I don’t even know where the time’s gone. Another two weeks have gone by and I haven’t published a single post. It’s almost as if Blizzard and Steam (including failing to keep up with TI4 with Dota) have banded together to make time fly by in the rare moments I do have spare time.
Of course that’s far from saying I haven’t had time to game, I just haven’t had time to both game and write about what I’m gaming on at the same time, or I’ve just been enjoying myself too much and letting time get away from me – with the beta launching and me falling totally in love with Shadowmoon Valley in Warlords, it comes as little surprise that I’ve just been going and going with finding out more and more about what’s coming up later this year. The screenshot above is the skybox through the trees when you first enter Shadowmoon – that alone was gorgeous enough to set a great precedent for the rest of the zone, and it certainly does not disappoint at any stage of the story. Even just this morning I had my first sight of a Draenic mine. We haven’t had anything Draenei in such a long time in WoW, every corner you turn is such a delight to behold. It makes me eagerly anticipate what we’ll see in zones such as Spires of Arak where the Arakkoa are at the peak of their civilization, or see what the Fields of Farahlon were like before they were ripped through the nether and became Netherstorm.
I had a chance at testing out Frostfire Ridge too, though when alpha first launched I already had some sneak previews from multiple streamers as that was the only zone available to begin with, but it certainly feels much more action-focused and faster-paced than Shadowmoon feels. Don’t get me wrong, there’s an awesome scenario in the SMV questline that’s got plenty of action in there, but it just feels that the Draenei are more methodical and go into things with purpose, whereas in Frostfire Ridge you’re mainly chasing after a certain NPC that seems to put action before thought most of the time. It probably helps that in FFR you’re introduced to Bladespire Fortress near the start, whereas in SMV the Temple of Karabor is toward the end – both hubs being the original ideas as being the capitals for Horde and Alliance respectively.
Without trying to give too much away however, the version of Draenor we’re going to is certainly an alternate universe and not just time travel. Even to the point in time where Garrosh goes to at the end of the War Crimes novel is an alternate universe, as I’m sure lore-fans will work out in the Shadowmoon experience. So while there is an element of time travel involved in the sense that it’s not taken Garrosh 30+ years to mobilise the Iron Horde to attack current-day/universe Azeroth, but there are some story and plot elements that indicate that the Draenor that Garrosh (and we) go to isn’t the same one that invaded Azeroth all those years ago.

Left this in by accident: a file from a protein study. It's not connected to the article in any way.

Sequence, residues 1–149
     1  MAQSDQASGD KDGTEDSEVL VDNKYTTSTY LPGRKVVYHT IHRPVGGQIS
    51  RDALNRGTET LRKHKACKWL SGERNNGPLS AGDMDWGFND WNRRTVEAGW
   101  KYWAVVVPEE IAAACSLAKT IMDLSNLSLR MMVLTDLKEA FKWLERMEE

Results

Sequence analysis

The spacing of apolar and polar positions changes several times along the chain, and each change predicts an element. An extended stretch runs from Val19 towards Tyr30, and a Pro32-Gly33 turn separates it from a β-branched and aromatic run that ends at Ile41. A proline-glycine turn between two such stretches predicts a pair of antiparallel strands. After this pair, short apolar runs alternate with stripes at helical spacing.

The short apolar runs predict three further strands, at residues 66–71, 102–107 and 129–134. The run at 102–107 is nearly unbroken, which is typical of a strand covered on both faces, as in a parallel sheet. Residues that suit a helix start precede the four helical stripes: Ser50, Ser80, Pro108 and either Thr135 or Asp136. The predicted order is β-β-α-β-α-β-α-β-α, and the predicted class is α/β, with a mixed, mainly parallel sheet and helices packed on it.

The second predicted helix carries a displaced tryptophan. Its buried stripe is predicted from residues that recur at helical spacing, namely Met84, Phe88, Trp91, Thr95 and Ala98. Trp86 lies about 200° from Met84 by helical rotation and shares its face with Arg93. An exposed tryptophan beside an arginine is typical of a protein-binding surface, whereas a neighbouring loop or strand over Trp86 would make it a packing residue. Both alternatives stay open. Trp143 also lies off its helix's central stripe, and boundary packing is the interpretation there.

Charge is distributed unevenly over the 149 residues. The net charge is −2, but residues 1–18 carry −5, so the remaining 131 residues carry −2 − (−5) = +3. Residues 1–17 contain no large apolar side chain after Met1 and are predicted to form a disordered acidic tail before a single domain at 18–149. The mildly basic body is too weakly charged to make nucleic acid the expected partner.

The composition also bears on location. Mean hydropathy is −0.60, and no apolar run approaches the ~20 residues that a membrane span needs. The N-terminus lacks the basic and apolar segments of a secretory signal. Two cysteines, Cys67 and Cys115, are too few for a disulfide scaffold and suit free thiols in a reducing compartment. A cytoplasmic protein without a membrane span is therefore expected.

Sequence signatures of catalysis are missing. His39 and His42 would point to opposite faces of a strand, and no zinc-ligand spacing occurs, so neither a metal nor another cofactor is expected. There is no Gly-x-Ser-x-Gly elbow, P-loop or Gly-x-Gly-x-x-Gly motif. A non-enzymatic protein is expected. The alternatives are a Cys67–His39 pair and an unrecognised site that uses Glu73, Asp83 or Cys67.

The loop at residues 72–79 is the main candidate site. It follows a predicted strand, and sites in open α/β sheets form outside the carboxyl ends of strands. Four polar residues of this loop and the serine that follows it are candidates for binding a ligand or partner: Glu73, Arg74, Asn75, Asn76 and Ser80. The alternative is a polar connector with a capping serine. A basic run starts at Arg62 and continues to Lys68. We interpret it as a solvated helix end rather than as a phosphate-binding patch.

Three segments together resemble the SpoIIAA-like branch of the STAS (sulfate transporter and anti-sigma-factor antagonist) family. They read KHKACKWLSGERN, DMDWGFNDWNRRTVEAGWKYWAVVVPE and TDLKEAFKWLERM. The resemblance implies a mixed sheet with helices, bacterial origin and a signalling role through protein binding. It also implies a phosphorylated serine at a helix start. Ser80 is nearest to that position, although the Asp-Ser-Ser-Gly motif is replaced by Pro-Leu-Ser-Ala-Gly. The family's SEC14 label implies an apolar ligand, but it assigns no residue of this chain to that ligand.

To those that say that Blizzard are going with lazy writing for this expansion couldn’t be any more wrong. If anything, this is one of the hardest things they could try to fit into the game lore-wise, and while we don’t know what’s happening after Warlords (heck, we barely know anything about 6.0 storywise, let alone patches later on) as they’ve got to create all this new content for the alternate Draenor, while keeping the same underlying theme for the characters that we already know and love.
There’s got to be a lot of backchecking bits of story to make sure we don’t have another Red Shirt Guy incident, but having that alternate tag on there gives Blizzard at least a bit of leeway when it comes to a very archaic story they started writing in the early 90’s. Especially when they themselves have stated that a lot of their early stuff was based on the Warhammer universe, Warcraft really needs to set its story identity apart from that at this stage of its success, so serious retcons would have happened if it was truly a time-travel expansion, notably including the Draenei.